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Kohli praise caps Hameed’s ‘awesome’ rise

CricketKohli praise caps Hameed's 'awesome' rise


They say it is best to never meet your heroes, but Haseeb Hameed may well disagree.

The night before this series, he spoke with wide-eyed wonder about how “amazing” it would be to meet Virat Kohli. He was one of his cricketing heroes and the thought of playing against him was clearly a thrill.

Now he has not just met him, but won his respect. For while the relationship between these teams is not especially good – they came into the series with baggage from 2014, in particular – it was noticeable that Kohli not only applauded Hameed upon reaching his half-century in Mohali, but ran up to shake him by the hand at the end of his innings.

He had, to his great credit, recognised not only an innings of class and bravery, but perhaps something of a kindred spirit, too: this was one fine batsmen acknowledging another, albeit one who has achieved little by comparison at this stage of his career. It is a moment that is likely to console Hameed long after he has made the journey home to have surgery on his left hand.

“He’s showed great character for a 19-year-old,” Kohli said. “He put his hand up when his team wanted him to do it and the way he played with Anderson showed great maturity. You can sense it as a captain: this guy is intelligent, this guy knows the game.

Haseeb Hameed changed his technique to bat with a broken finger in England's second innings© AFP
Haseeb Hameed changed his technique to bat with a broken finger in England’s second innings © AFP

“He’s a great prospect for England. He’s definitely going to be a future star in all forms if he keeps persisting with his skill. I’m really impressed and that’s why I patted him on the back. It was an innings full of character and something that you need to applaud.

It may be relevant that Hameed, unlike some of the other players involved in this match, let his cricket do the talking and therefore hasn’t irked the opposition. He doesn’t feel the need to posture or pose; he doesn’t feel the need to give opposition players a send-off when they’re out or give them abuse when he is fielding.

Any thought that such behaviour equates to strong or brave cricket should have been banished years ago. Hameed has reminded us that you can be gutsy and determined without denigrating the opposition. And, both with his batting and his demeanour, he might have reminded one or two how this game could, and should, be played.

There were many impressive aspects of this innings. There was the range of strokes – including a delicious late cut, a slog-sweep for six and a front-foot hook – that showed he had been playing within himself in previous innings and hinted at an ability that could well feed into white-ball cricket. There was the sight of Hameed going to meet his new partner – James Anderson, a man with 118 more Tests than him – to offer some advice and encouragement and there was his ability to rotate the strike so effectively that Anderson only faced 11 out of the 40 balls they batted together.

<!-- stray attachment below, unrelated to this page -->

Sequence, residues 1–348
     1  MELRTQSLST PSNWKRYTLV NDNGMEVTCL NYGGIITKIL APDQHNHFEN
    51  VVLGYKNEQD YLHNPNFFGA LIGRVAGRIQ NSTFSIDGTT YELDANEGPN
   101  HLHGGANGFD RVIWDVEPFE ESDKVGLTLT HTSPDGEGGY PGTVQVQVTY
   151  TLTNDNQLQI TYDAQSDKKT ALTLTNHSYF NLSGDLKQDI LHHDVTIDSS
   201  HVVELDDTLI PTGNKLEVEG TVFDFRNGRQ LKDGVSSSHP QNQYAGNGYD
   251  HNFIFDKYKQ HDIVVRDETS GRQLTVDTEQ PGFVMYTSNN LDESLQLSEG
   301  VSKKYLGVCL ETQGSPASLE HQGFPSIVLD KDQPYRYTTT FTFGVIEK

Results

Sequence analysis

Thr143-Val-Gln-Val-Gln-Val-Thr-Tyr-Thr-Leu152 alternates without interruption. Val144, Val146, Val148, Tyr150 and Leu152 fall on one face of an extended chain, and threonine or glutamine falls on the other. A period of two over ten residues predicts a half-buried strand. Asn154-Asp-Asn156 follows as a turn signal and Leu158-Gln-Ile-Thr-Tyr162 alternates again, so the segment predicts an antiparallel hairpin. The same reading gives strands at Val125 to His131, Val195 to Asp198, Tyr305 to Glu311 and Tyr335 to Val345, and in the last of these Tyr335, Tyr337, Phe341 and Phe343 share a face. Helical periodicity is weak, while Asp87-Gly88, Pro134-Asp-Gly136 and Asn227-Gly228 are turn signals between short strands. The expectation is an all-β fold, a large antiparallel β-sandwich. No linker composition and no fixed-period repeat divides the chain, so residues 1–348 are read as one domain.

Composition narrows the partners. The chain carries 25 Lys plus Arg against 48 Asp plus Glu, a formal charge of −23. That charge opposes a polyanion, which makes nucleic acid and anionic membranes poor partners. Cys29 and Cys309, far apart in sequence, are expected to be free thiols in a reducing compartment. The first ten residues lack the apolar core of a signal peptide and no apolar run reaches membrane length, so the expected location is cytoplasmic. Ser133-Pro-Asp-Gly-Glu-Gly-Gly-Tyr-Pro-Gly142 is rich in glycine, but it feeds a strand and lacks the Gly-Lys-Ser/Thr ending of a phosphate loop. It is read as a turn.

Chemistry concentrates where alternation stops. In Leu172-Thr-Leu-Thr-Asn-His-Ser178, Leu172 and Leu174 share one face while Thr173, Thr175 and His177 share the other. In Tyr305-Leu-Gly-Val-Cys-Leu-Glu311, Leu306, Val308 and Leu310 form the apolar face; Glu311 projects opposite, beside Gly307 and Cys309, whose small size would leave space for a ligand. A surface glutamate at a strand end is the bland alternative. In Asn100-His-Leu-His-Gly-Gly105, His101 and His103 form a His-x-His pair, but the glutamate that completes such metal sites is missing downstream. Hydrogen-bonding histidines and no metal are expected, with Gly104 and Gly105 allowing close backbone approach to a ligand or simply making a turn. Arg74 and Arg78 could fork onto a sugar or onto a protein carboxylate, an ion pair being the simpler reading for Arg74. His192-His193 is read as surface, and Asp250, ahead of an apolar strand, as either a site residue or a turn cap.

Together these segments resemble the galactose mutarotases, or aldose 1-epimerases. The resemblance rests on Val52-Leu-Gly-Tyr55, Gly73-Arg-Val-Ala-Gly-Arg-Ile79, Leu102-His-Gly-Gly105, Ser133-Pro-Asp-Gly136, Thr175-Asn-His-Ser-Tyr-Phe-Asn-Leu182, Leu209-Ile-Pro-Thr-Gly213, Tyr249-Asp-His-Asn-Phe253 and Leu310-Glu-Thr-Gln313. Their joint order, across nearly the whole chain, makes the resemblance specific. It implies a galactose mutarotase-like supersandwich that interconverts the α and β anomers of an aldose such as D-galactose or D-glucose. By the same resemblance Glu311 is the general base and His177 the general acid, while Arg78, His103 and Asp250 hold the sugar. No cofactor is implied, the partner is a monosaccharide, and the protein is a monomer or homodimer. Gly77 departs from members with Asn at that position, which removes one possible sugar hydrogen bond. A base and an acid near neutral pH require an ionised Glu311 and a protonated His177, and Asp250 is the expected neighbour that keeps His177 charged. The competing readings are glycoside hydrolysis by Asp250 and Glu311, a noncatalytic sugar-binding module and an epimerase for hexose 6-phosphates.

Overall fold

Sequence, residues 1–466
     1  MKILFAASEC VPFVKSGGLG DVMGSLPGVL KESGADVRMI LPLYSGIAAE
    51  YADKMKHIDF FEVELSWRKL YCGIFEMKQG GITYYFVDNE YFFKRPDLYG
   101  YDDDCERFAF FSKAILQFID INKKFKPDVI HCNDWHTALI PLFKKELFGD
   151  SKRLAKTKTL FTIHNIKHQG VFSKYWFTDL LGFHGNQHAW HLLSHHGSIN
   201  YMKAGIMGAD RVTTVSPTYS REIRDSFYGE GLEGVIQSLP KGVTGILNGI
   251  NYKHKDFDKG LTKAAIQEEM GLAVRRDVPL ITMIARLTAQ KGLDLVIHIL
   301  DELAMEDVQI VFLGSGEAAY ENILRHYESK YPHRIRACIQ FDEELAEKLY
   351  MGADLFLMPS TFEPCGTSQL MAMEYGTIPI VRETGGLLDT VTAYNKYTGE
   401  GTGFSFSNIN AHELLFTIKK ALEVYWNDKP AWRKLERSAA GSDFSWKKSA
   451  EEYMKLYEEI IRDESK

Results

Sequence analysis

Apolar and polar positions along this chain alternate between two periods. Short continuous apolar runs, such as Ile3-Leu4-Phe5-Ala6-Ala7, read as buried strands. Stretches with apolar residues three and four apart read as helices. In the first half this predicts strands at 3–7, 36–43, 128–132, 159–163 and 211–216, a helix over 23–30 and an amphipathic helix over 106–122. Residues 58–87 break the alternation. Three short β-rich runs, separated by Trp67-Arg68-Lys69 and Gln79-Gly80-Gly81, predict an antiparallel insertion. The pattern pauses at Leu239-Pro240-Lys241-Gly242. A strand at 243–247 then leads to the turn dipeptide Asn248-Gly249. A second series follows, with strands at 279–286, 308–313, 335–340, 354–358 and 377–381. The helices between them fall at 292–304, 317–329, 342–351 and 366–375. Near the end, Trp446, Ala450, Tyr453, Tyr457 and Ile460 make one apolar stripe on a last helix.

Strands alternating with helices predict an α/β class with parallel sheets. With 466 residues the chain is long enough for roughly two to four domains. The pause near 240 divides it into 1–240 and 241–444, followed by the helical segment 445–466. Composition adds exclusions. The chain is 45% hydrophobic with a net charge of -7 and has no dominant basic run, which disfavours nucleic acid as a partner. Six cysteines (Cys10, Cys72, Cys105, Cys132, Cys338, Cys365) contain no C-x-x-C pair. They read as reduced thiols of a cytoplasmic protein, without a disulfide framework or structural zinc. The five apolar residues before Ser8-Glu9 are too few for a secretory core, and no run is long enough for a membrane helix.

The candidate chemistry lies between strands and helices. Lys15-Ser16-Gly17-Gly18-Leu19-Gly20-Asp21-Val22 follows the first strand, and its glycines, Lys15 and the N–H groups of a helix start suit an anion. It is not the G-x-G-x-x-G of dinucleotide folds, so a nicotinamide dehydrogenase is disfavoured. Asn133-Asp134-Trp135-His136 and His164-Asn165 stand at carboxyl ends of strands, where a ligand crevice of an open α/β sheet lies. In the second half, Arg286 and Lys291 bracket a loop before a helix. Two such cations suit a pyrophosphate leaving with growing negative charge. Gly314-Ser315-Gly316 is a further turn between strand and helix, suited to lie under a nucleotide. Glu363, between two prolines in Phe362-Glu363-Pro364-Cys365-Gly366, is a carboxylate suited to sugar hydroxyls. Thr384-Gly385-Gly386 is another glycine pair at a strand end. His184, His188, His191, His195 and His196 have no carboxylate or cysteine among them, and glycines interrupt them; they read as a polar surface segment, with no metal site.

But perhaps the most impressive feature of this innings was his ability to adapt to the physical imposition he faced and the bravery to attempt to do so.

“To change the way you play to combat [an injury] … There’s a lot of guys in there in awe of what he’s been through”

Hameed batted three times in the nets on Monday. The first two times were unsuccessful: the pain was such that he could hardly hold the bat, far less control it. It seemed he would bat only in an emergency and perhaps at No. 11. But then he experimented with a different grip where he was able to take his little finger off the bat. And, after some practice in the nets, reported that he was happy with the new technique.

So, as a 19-year-old in his third Test, he not only went out to bat with such a badly damaged finger that he knew it required surgery, but he did so with a makeshift grip. And then he played England’s best innings of the match. It was hardly surprising that Trevor Bayliss, the England coach, described the team as “in awe” of their young colleague.

“It’s a hell of a skill to have,” Bayliss said. “To change the way you play to combat that. A couple of headache tablets and out he went. It is a lesson for others. There’s a lot of guys in there in awe of what he’s been through. The lack of showing any pain, and guts and determination is a good sign. There’s plenty of other guys who have got hit and make a big song and dance about it. Obviously he’s got a big pain threshold.”


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